I grew up in a house of stone built by my grandfather in northern New Jersey. My father was a printer and “ad man” and my mother a graphic artist, so I was surrounded by paper, paint and ink — materials that fed my creativity daily.
I spent my childhood roaming the woods and watershed: walking over soft pine needles, sitting by the waters edge, listening to birds sing as the sunlight filtered through the trees. I would closely examine the delicate bleeding hearts, lily of the valley and mountain laurel in my grandmother’s garden. I even had a pet baby blue jay. So it seems that stones, birds and flowers were ingrained in my psyche at an early age.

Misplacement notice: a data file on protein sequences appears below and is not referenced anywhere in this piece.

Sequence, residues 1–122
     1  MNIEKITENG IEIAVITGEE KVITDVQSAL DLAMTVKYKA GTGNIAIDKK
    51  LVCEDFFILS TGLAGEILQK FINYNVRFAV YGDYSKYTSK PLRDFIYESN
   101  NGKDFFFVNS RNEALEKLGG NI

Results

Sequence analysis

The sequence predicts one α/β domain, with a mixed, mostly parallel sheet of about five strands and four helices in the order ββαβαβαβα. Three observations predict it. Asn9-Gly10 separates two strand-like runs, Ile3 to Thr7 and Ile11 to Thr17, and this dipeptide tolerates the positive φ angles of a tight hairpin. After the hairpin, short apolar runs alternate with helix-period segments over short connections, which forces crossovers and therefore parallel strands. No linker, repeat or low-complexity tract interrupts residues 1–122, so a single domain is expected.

I landed in the Pacific Northwest in 1979 and was immediately drawn to the the Northwest’s mystic landscape — it’s lush forests and stormy tides. Although influenced by my surroundings, my drawings and paintings focus in on the immediate and intimate: feathers, stones and nests; narrative compositions that invite the viewer to imagine the before and after; the moment a feather falls, a stone tumbles or a flower turns to seed.
A self-taught artist, I work in acrylics, collage, watercolor and graphite, as well as some printmaking. Most of my life has been spent working as a graphic designer and caring for family. Now in my early 60s, I’m working toward retiring from graphics and transitioning to full time fine artist, approaching each new day in the studio with gratitude and creative intention. When not in the studio I can be found wandering the back roads of the Pacific Northwest in my old VW van.